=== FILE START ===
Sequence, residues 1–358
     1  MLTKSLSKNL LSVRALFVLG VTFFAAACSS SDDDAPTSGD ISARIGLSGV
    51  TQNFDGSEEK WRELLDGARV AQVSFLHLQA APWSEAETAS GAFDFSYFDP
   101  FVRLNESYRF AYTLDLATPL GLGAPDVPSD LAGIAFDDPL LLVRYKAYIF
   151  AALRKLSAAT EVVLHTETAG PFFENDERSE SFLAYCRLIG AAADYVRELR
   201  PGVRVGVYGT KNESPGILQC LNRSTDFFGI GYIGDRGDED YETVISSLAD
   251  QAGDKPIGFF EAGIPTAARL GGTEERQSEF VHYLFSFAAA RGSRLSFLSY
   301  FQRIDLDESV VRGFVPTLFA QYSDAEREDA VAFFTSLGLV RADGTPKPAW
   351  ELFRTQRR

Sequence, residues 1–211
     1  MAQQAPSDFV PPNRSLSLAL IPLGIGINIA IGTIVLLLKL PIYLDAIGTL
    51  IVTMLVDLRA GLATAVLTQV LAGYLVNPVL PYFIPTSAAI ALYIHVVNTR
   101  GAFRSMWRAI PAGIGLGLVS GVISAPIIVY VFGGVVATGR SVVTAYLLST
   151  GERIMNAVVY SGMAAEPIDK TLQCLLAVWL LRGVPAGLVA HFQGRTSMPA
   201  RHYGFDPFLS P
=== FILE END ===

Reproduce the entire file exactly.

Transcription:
Sequence, residues 1–358
     1  MLTKSLSKNL LSVRALFVLG VTFFAAACSS SDDDAPTSGD ISARIGLSGV
    51  TQNFDGSEEK WRELLDGARV AQVSFLHLQA APWSEAETAS GAFDFSYFDP
   101  FVRLNESYRF AYTLDLATPL GLGAPDVPSD LAGIAFDDPL LLVRYKAYIF
   151  AALRKLSAAT EVVLHTETAG PFFENDERSE SFLAYCRLIG AAADYVRELR
   201  PGVRVGVYGT KNESPGILQC LNRSTDFFGI GYIGDRGDED YETVISSLAD
   251  QAGDKPIGFF EAGIPTAARL GGTEERQSEF VHYLFSFAAA RGSRLSFLSY
   301  FQRIDLDESV VRGFVPTLFA QYSDAEREDA VAFFTSLGLV RADGTPKPAW
   351  ELFRTQRR

Sequence, residues 1–211
     1  MAQQAPSDFV PPNRSLSLAL IPLGIGINIA IGTIVLLLKL PIYLDAIGTL
    51  IVTMLVDLRA GLATAVLTQV LAGYLVNPVL PYFIPTSAAI ALYIHVVNTR
   101  GAFRSMWRAI PAGIGLGLVS GVISAPIIVY VFGGVVATGR SVVTAYLLST
   151  GERIMNAVVY SGMAAEPIDK TLQCLLAVWL LRGVPAGLVA HFQGRTSMPA
   201  RHYGFDPFLS P